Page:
Prevalence of Undiagnosed Diabetes in 2004 and 2012: Evidence From the English Longitudinal Study of Aging

Yun-Ting Huang, Andrew Steptoe, Paola Zaninotto

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In light of recent publicity campaigns to raise awareness of diabetes, we investigated changes in the prevalence of diabetes and undiagnosed diabetes in adults age 50 and older in England between 2004 and 2012, and explored risk factors for undiagnosed diabetes.

In total, 7666 and 7729 individuals were from Wave 2 (2004–2005, mean age 66.6) and Wave 6 (2012–2013, mean age 67.6) of the English Longitudinal Study of Ageing. Diagnosed diabetes was defined as either self-reported diabetes or taking diabetic medications. Undiagnosed diabetes was defined as not self-reporting diabetes and not taking diabetic medications, but having a glycated hemoglobin measurement ≥48 mmol/mol (6.5%).

There were increases in both diagnosed diabetes (7.7%–11.5%) and undiagnosed diabetes (2.4%–3.4%) between 2004 and 2012. However, a small decrease in the proportion of people with diabetes who were unaware of this condition (24.5%–23.1%, p < .05) was observed. Only men aged 50–74 showed a stable prevalence of undiagnosed diabetes, with better recognition of diabetes. Age, non-white ethnicity, manual social class, higher diastolic blood pressure, and cholesterol level were factors associated with higher risks of undiagnosed diabetes, whereas greater depressive symptoms were related to lower risks.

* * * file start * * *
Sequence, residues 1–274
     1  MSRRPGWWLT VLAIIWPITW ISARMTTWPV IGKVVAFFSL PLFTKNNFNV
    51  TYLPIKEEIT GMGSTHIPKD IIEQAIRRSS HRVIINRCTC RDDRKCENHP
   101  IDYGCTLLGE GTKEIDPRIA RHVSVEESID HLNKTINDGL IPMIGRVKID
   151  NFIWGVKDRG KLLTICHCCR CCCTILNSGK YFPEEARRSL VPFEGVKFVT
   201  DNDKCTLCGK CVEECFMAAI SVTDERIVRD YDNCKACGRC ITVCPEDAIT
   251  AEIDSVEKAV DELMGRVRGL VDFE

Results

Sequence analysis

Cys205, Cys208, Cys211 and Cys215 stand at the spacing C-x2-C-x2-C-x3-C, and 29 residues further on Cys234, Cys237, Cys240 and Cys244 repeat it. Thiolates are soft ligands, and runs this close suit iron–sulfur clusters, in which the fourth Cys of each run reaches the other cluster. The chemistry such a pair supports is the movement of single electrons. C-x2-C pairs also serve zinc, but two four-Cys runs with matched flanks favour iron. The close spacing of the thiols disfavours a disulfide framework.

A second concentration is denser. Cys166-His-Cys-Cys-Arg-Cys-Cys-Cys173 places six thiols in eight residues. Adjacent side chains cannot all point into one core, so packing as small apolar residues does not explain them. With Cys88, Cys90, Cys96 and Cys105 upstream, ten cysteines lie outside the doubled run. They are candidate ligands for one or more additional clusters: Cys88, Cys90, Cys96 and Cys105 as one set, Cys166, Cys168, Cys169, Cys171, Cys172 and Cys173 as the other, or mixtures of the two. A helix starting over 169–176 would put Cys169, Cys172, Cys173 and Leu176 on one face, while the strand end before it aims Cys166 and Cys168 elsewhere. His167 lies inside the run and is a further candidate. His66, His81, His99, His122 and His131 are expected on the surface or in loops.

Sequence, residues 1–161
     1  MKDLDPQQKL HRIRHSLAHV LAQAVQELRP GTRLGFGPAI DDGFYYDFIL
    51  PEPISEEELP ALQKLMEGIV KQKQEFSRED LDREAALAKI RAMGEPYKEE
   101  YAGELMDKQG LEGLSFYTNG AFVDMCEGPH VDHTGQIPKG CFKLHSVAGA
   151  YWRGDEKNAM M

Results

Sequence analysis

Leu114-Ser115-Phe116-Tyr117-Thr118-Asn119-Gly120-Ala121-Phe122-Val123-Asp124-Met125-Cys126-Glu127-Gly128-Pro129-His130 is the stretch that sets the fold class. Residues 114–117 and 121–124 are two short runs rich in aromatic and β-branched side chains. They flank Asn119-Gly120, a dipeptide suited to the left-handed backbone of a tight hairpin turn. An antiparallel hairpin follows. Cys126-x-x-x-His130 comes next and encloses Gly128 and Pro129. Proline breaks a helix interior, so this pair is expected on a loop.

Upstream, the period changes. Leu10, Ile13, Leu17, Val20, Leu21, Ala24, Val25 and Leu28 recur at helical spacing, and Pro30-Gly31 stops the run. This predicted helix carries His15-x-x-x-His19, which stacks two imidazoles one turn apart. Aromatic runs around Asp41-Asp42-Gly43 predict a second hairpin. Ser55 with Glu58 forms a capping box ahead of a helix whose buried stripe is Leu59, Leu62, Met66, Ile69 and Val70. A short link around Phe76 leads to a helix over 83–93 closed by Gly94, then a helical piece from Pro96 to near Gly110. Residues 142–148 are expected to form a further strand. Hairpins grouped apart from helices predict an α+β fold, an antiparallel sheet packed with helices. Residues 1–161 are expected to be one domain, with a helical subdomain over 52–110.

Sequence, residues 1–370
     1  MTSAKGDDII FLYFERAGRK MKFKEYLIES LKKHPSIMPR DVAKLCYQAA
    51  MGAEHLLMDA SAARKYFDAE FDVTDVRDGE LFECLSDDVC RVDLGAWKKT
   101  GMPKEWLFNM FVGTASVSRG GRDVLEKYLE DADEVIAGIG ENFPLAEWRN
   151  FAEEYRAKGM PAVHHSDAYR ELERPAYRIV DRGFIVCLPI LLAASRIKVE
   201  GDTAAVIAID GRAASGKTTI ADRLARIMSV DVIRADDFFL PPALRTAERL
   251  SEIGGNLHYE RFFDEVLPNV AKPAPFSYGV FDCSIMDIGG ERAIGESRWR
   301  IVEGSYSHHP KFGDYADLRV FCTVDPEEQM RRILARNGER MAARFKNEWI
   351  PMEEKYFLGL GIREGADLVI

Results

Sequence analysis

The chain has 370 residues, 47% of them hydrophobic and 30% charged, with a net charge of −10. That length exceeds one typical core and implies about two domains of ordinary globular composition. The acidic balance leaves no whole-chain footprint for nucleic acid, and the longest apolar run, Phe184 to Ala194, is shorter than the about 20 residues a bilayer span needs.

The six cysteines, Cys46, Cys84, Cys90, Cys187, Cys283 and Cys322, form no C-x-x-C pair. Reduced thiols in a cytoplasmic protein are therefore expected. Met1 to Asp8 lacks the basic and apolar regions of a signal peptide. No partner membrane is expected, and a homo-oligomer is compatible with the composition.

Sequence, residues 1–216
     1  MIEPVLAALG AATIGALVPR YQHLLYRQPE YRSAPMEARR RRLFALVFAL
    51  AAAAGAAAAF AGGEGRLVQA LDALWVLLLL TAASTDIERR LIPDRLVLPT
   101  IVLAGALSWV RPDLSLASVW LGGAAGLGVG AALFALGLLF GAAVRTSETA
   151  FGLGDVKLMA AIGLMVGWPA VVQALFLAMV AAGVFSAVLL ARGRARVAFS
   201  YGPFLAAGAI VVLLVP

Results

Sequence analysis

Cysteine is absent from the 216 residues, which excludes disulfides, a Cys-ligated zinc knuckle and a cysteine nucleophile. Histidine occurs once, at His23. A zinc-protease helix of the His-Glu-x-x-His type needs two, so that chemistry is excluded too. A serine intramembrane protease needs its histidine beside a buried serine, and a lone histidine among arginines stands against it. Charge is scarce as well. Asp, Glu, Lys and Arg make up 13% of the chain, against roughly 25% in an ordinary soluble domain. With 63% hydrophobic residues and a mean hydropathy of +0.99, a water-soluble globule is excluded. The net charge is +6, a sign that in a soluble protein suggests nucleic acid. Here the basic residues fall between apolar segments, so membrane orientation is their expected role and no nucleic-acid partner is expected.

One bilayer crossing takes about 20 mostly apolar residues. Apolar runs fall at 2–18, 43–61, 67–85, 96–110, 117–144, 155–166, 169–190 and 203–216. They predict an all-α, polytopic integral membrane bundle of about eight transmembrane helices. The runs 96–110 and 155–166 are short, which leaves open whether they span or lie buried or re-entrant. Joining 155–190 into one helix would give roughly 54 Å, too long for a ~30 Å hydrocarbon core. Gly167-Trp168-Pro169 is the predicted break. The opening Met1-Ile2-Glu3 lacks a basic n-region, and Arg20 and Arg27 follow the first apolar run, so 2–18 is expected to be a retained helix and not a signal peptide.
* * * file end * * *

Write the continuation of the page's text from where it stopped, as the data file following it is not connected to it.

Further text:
This study suggests that the greater awareness of diabetes in the population of England has not resulted in a decline in undiagnosed cases between 2004 and 2012. A greater focus on people from lower socioeconomic groups and those with cardiometabolic risk factors may help early diagnosis of diabetes for older adults.
Original languageEnglish
Pages (from-to)922-928
JournalThe Journals of Gerontology: Series A
Issue number5
Early online date21 Jul 2020
Publication statusPublished - 30 Apr 2021


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